New York, October 30, 2014–A court in Azerbaijan today sentenced Khalid Garayev, a reporter for the embattled opposition newspaper Azadliq and the technical director of “Azerbaijani Hour,” Azadliq‘s online TV program, to almost a month in prison on charges of hooliganism and disobeying the police, according to news reports.
The Binagadi District Court in Baku found Garayev guilty and sentenced him to 25 days, according to the U.S. government-funded Radio Free Europe/Radio Liberty. The journalist was detained on Wednesday night, his lawyer Bahruz Bayramov said, according to the independent regional news website Kavkazsky Uzel.
The court accused Garayev of using foul language in public and ignoring the orders of police who allegedly urged him to stop doing so, Radio Azadlyg, the Azeri service of Radio Free Europe/Radio Liberty, reported. Garayev denied both charges and said they were fabricated and that he was being jailed in retaliation for his journalistic work, Radio Azadlyg said. He plans to appeal, according to reports.
The online TV show, “Azerbaijani Hour,” which is critical of the government and covers official corruption in Azerbaijan, has been targeted by authorities in recent months. In August, authorities arrested Seymur Hazi, the lead anchor of the program, on hooliganism charges, according to news reports. The same month, the brother of another “Azerbaijani Hour” anchor, Natiq Adilov, was arrested on trumped-up drug charges, which Adilov said was in retaliation for his own journalistic work, the reports said. Hazi was sentenced to two months of pretrial detention, and Adilov’s brother was given three months in pretrial detention, news reports said.
In recent years, public officials and their supporters have targeted the weekly Azadliq newspaper with civil defamation lawsuits, according to CPJ research.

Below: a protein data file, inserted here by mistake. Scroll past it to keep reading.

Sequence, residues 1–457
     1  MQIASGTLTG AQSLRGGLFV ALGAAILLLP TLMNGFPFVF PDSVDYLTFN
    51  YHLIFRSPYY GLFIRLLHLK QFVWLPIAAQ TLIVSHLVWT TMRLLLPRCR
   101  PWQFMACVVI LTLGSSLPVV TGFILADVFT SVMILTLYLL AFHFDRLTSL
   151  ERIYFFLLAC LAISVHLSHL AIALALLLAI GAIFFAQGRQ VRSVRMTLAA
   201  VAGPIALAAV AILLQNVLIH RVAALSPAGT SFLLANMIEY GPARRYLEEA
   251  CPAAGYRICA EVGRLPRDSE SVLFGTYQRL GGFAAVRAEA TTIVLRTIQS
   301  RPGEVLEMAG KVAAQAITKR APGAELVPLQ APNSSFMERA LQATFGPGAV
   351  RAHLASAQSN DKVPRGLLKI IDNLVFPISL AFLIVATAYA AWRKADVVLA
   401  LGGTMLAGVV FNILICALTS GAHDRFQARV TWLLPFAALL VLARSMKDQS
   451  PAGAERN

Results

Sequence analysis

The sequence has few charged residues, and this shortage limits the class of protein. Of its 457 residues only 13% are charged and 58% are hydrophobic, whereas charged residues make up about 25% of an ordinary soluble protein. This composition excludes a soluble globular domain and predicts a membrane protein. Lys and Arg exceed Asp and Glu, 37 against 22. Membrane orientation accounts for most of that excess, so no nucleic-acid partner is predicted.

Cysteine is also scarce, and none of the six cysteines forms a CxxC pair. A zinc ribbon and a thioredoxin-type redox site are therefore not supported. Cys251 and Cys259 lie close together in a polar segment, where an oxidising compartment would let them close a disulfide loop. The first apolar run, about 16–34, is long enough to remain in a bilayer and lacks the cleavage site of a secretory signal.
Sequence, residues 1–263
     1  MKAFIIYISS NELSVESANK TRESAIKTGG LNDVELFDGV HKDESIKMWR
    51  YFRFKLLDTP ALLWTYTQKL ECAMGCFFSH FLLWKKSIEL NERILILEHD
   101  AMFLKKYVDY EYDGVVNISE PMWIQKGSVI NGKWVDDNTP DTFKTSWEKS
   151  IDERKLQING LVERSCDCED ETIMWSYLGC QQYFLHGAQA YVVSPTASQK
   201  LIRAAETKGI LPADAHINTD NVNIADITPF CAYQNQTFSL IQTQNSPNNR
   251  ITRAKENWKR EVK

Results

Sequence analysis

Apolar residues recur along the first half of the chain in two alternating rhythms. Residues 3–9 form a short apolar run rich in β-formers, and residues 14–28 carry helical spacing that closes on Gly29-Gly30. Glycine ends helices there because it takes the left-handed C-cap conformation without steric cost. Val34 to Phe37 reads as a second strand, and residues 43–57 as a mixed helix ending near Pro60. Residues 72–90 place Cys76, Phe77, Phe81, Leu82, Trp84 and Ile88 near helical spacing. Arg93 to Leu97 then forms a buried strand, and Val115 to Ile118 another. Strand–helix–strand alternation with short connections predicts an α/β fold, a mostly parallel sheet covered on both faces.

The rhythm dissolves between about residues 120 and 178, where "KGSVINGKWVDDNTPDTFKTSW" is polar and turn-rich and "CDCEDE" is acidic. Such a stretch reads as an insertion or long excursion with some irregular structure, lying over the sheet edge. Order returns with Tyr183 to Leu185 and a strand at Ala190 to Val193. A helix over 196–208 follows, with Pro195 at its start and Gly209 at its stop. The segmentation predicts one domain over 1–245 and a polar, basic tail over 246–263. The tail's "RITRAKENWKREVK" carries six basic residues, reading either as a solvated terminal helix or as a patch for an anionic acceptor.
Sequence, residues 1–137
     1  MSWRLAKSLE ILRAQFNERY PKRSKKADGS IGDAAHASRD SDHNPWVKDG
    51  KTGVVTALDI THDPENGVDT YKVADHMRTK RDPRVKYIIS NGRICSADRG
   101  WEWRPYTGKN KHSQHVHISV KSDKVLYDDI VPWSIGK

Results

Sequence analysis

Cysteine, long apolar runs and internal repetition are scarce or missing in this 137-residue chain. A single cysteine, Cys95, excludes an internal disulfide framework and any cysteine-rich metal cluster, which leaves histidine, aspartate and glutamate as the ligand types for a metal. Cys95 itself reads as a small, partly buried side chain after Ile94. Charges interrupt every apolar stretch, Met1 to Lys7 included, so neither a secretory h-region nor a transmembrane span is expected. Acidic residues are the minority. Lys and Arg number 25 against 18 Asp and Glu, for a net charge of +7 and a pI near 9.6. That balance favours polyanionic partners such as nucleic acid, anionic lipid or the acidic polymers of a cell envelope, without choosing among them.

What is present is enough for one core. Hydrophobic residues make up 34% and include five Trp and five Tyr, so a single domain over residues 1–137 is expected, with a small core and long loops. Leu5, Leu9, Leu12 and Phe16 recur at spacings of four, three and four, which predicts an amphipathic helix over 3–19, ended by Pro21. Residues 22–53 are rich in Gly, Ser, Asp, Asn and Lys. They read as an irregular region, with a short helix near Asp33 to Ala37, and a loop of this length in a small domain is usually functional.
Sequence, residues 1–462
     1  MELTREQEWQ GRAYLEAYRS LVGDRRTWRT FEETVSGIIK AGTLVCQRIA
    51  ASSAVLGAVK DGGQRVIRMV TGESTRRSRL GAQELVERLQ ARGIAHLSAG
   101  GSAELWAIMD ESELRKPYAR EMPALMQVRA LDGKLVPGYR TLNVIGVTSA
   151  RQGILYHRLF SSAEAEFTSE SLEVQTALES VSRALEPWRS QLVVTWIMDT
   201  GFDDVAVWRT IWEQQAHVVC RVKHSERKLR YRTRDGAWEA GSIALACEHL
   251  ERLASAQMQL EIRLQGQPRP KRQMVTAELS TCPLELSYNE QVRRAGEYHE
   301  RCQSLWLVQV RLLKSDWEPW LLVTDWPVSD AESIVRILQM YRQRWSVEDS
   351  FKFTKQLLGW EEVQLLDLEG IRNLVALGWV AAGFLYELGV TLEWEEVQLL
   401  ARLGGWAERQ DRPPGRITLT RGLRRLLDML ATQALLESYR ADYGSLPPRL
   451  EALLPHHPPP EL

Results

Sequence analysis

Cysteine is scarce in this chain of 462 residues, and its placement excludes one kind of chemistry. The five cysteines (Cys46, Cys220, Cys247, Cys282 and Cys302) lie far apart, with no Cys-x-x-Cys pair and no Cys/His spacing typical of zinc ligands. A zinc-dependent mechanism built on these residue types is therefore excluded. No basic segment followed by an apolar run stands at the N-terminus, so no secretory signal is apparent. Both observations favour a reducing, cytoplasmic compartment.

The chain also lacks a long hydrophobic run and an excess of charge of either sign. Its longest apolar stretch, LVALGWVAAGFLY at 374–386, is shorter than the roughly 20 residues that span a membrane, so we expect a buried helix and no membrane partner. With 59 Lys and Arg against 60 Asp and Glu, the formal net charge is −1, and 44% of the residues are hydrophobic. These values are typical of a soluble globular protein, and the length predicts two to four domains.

“The Azerbaijani government is working hard to cement its membership in the club of the world’s worst jailers of journalists,” said Muzaffar Suleymanov, CPJ’s Europe and Central Asia researcher. “We call on authorities to release Khalid Garayev on appeal and stop trying to silence journalists and critics of the government.”
Azerbaijan is jailing more than a dozen journalists and rights activists in retaliation for their work, according to research by CPJ and other human rights groups. In October, a coalition of international press freedom groups, including CPJ, sent a letter to the members of the Council of Europe, calling on European governments to hold Azerbaijan responsible for its ongoing repression of journalists and press freedom advocates.
Following his recent trip to Baku, Council of Europe Commissioner for Human Rights Nils Muiznieks said that his visit was “dictated by the arrest and detention over last summer of virtually all the civil society partners of my Office, which makes it increasingly difficult to work on human rights issues in Azerbaijan.”